According to the organization, the fall in copper prices in 2005 led to a 10% drop in copper production by 2016.
History suggests that a new surge in copper scrap is imminent, as the price of copper on the London Metal Exchange has more than doubled since last March's low of $4371 per ton on the coved-19.
For analysts such as Morgan Stanley, this is one reason to be cautious about the outlook for copper in 2021. The bank expects $8488 a ton in the fourth quarter, lower than LME's current price of $8780.
Citi, which is calling for a "copper super cycle", does not believe that the supply of scrap copper can be expanded enough to fill the supply gap of 500000 tons this year.
Based on the previous model, the bank studied seven possible scrap supply scenarios and concluded that only one scenario - a repeat of 2012 - could produce enough raw materials to fill the gap. (super cycle sunrise Part 3, March 23, 2021)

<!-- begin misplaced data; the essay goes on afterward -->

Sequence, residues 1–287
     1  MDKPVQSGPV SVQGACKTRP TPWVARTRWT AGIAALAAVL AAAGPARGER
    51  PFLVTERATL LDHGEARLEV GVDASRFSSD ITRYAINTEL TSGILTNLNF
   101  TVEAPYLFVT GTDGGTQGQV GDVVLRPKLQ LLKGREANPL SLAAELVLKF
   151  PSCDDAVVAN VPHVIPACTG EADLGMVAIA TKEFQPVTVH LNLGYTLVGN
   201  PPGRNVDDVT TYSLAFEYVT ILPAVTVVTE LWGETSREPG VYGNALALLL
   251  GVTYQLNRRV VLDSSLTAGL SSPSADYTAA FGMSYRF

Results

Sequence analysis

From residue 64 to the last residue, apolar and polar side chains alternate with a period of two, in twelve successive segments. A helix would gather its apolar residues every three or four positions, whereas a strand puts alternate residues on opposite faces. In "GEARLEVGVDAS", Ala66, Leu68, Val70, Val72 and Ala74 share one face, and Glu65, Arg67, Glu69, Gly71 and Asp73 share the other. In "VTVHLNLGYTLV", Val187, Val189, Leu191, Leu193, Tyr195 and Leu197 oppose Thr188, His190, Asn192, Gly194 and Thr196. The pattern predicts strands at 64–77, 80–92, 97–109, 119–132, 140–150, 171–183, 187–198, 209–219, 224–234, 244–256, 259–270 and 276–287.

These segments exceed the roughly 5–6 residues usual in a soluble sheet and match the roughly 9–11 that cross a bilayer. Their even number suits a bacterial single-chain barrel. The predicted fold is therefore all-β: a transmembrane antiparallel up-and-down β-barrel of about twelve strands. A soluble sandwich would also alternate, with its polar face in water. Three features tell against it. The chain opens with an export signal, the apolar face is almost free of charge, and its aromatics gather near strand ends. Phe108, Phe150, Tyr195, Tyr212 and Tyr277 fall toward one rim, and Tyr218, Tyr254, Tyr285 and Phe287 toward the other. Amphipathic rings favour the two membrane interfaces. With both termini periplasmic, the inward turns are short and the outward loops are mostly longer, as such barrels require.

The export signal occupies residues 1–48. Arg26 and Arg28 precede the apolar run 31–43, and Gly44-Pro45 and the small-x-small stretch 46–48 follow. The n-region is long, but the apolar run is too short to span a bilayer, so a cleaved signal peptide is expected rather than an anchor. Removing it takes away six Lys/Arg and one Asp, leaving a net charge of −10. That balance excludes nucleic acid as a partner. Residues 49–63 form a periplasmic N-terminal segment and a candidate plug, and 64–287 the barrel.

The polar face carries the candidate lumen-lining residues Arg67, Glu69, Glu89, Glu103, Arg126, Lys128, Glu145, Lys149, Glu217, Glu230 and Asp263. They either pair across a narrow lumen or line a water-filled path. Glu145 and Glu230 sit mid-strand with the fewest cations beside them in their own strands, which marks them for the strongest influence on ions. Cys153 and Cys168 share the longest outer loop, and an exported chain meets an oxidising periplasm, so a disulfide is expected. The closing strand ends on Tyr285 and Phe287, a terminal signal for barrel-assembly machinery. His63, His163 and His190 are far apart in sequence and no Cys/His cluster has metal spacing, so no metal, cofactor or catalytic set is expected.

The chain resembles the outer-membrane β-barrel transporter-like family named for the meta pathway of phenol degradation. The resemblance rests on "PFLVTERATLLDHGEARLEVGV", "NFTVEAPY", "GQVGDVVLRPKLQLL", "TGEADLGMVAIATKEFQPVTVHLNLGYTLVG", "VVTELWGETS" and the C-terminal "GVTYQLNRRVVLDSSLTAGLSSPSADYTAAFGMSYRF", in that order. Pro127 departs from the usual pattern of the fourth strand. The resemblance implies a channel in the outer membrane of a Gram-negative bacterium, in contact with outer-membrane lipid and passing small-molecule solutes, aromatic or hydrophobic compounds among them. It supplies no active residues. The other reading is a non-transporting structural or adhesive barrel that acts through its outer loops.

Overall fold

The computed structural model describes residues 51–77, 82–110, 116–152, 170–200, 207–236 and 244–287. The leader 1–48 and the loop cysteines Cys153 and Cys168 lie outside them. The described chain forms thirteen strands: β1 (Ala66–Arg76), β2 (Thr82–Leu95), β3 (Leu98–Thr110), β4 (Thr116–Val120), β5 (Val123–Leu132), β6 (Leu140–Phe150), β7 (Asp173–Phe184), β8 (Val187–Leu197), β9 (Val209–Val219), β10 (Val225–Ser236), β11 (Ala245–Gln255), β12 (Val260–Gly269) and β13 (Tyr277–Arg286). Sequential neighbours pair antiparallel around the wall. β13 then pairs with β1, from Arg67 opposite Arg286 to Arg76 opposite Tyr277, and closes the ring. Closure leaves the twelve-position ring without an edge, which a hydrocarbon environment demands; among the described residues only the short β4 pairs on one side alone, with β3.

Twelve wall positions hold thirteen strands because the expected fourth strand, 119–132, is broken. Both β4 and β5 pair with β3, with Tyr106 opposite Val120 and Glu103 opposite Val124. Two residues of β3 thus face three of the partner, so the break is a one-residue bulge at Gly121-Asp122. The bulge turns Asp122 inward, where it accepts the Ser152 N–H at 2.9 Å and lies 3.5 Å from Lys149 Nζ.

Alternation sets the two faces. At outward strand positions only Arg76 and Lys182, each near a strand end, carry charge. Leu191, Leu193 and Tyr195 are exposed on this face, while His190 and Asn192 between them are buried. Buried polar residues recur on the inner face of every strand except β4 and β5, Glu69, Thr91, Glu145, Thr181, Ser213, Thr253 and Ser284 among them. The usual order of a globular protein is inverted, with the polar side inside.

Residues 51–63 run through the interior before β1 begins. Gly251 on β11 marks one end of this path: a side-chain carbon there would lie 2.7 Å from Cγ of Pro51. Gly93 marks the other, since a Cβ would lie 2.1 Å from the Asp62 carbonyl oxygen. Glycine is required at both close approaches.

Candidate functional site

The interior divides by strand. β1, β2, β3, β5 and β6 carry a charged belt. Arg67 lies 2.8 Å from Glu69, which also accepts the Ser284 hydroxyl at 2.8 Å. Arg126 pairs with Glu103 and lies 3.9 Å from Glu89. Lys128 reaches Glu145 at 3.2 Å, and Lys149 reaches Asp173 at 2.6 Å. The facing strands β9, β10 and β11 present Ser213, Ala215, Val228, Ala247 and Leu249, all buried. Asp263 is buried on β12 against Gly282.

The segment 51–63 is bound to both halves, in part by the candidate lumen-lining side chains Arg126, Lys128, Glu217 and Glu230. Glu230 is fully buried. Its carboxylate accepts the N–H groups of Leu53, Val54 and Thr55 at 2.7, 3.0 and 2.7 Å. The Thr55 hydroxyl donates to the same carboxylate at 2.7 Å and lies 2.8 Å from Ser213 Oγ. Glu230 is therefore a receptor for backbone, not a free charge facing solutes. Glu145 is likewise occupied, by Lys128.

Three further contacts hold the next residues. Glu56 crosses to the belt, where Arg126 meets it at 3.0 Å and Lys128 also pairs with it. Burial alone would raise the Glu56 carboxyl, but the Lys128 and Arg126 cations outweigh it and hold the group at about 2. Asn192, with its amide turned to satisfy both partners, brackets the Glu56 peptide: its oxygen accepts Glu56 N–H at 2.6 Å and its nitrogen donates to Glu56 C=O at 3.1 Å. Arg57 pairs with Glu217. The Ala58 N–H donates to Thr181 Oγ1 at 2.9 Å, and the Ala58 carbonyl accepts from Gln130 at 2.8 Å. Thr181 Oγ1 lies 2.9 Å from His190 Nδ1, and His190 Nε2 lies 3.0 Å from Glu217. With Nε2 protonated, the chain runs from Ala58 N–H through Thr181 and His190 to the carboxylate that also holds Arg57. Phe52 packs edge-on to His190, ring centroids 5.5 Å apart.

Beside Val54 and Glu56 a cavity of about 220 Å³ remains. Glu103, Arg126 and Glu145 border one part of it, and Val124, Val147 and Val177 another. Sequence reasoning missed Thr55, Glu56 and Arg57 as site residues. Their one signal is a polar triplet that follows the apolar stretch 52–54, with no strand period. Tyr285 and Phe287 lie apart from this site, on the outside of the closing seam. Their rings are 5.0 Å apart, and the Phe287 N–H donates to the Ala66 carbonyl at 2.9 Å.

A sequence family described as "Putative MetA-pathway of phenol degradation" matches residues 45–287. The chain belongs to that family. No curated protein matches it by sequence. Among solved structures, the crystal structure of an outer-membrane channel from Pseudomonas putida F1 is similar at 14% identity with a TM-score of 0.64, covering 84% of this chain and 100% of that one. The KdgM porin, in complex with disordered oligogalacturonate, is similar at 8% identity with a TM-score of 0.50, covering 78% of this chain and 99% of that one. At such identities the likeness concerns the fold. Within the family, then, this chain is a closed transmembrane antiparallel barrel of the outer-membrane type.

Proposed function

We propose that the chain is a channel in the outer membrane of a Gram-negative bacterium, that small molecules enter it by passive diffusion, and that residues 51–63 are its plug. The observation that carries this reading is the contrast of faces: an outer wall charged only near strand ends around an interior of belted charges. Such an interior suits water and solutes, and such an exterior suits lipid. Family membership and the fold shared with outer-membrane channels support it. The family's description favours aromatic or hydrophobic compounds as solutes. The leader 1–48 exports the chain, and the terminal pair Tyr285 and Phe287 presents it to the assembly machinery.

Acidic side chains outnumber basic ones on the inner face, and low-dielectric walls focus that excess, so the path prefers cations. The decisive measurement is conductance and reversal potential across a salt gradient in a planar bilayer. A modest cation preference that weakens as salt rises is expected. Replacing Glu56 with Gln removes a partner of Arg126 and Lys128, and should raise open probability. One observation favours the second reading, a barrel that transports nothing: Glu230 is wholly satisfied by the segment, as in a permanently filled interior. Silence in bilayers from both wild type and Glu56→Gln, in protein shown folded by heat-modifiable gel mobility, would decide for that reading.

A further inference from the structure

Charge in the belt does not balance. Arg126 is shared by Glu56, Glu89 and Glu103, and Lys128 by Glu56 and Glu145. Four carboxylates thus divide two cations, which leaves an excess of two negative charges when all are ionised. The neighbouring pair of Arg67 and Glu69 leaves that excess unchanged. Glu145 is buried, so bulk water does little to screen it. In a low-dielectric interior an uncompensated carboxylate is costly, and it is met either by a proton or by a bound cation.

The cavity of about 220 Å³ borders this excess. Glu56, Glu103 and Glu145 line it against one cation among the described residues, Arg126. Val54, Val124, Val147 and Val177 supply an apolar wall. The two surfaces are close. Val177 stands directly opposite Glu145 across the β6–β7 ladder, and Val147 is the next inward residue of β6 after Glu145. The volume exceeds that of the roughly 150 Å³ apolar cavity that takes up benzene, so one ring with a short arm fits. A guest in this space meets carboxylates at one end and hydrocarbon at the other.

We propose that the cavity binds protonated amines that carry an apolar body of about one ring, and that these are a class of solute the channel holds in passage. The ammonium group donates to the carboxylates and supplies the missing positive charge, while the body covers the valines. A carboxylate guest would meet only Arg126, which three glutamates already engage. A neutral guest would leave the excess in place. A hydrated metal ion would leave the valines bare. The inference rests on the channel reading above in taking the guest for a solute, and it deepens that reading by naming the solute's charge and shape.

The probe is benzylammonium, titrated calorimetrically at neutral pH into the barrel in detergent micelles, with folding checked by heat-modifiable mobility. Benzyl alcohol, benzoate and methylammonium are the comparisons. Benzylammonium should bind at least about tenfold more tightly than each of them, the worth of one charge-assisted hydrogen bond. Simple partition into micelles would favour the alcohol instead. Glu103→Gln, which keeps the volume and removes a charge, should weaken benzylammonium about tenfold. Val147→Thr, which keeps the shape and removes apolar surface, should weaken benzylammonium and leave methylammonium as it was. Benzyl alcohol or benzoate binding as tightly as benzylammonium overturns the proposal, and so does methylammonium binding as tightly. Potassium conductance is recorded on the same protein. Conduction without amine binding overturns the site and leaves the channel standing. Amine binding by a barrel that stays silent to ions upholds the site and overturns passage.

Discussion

"We believe that this is an extension and is unlikely to be as fast as the market needs because of logistics constraints and we find that there is often an eight month lag between a stronger copper price and the growth of scrap copper exports," Citi said
Due to the lack of data on the scrap copper industry, these figures are inevitably ambiguous, as is the calculation of the impact of follow-up actions on the refined copper market.
But there is no doubt that scrap copper, one of the most powerful balancing mechanisms in the copper market, will recover. The trend of copper market in the next few months will depend on the strength of the market.